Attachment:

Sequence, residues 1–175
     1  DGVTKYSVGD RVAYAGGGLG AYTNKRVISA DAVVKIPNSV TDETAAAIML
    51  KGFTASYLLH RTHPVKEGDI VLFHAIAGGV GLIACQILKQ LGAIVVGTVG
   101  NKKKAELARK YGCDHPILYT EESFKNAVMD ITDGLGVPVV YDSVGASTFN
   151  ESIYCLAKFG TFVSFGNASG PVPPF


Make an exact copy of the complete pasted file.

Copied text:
Sequence, residues 1–175
     1  DGVTKYSVGD RVAYAGGGLG AYTNKRVISA DAVVKIPNSV TDETAAAIML
    51  KGFTASYLLH RTHPVKEGDI VLFHAIAGGV GLIACQILKQ LGAIVVGTVG
   101  NKKKAELARK YGCDHPILYT EESFKNAVMD ITDGLGVPVV YDSVGASTFN
   151  ESIYCLAKFG TFVSFGNASG PVPPF